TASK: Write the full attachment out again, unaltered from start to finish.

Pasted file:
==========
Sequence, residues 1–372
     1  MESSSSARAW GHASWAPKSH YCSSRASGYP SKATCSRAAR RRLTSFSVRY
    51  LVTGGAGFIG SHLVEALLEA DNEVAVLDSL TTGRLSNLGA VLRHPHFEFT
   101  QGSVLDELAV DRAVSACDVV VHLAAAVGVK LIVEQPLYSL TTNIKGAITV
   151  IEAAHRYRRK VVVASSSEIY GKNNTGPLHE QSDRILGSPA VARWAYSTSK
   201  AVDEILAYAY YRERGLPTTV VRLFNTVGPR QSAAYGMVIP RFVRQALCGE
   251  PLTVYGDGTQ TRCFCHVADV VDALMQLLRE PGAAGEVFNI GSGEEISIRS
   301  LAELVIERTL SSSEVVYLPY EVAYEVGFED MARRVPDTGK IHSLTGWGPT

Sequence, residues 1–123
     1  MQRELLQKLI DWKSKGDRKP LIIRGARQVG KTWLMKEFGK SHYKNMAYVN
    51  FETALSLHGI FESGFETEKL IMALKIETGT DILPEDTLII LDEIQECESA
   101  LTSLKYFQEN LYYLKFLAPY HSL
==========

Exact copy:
Sequence, residues 1–372
     1  MESSSSARAW GHASWAPKSH YCSSRASGYP SKATCSRAAR RRLTSFSVRY
    51  LVTGGAGFIG SHLVEALLEA DNEVAVLDSL TTGRLSNLGA VLRHPHFEFT
   101  QGSVLDELAV DRAVSACDVV VHLAAAVGVK LIVEQPLYSL TTNIKGAITV
   151  IEAAHRYRRK VVVASSSEIY GKNNTGPLHE QSDRILGSPA VARWAYSTSK
   201  AVDEILAYAY YRERGLPTTV VRLFNTVGPR QSAAYGMVIP RFVRQALCGE
   251  PLTVYGDGTQ TRCFCHVADV VDALMQLLRE PGAAGEVFNI GSGEEISIRS
   301  LAELVIERTL SSSEVVYLPY EVAYEVGFED MARRVPDTGK IHSLTGWGPT

Sequence, residues 1–123
     1  MQRELLQKLI DWKSKGDRKP LIIRGARQVG KTWLMKEFGK SHYKNMAYVN
    51  FETALSLHGI FESGFETEKL IMALKIETGT DILPEDTLII LDEIQECESA
   101  LTSLKYFQEN LYYLKFLAPY HSL